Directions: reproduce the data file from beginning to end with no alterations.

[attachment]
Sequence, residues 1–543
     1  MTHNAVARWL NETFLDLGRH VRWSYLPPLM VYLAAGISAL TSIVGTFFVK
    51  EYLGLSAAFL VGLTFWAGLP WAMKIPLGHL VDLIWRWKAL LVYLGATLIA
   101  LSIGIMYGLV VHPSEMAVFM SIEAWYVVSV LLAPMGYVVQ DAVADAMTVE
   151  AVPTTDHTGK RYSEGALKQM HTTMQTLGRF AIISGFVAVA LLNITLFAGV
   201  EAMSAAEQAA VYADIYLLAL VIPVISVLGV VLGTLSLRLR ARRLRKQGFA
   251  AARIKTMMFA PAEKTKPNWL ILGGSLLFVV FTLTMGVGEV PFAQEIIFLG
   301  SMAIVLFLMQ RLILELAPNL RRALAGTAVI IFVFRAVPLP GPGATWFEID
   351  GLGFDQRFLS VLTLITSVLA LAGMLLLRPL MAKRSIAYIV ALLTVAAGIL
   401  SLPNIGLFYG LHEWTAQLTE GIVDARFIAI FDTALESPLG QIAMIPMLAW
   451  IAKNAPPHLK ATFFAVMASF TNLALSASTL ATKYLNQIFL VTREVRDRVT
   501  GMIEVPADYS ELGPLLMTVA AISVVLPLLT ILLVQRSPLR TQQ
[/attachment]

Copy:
Sequence, residues 1–543
     1  MTHNAVARWL NETFLDLGRH VRWSYLPPLM VYLAAGISAL TSIVGTFFVK
    51  EYLGLSAAFL VGLTFWAGLP WAMKIPLGHL VDLIWRWKAL LVYLGATLIA
   101  LSIGIMYGLV VHPSEMAVFM SIEAWYVVSV LLAPMGYVVQ DAVADAMTVE
   151  AVPTTDHTGK RYSEGALKQM HTTMQTLGRF AIISGFVAVA LLNITLFAGV
   201  EAMSAAEQAA VYADIYLLAL VIPVISVLGV VLGTLSLRLR ARRLRKQGFA
   251  AARIKTMMFA PAEKTKPNWL ILGGSLLFVV FTLTMGVGEV PFAQEIIFLG
   301  SMAIVLFLMQ RLILELAPNL RRALAGTAVI IFVFRAVPLP GPGATWFEID
   351  GLGFDQRFLS VLTLITSVLA LAGMLLLRPL MAKRSIAYIV ALLTVAAGIL
   401  SLPNIGLFYG LHEWTAQLTE GIVDARFIAI FDTALESPLG QIAMIPMLAW
   451  IAKNAPPHLK ATFFAVMASF TNLALSASTL ATKYLNQIFL VTREVRDRVT
   501  GMIEVPADYS ELGPLLMTVA AISVVLPLLT ILLVQRSPLR TQQ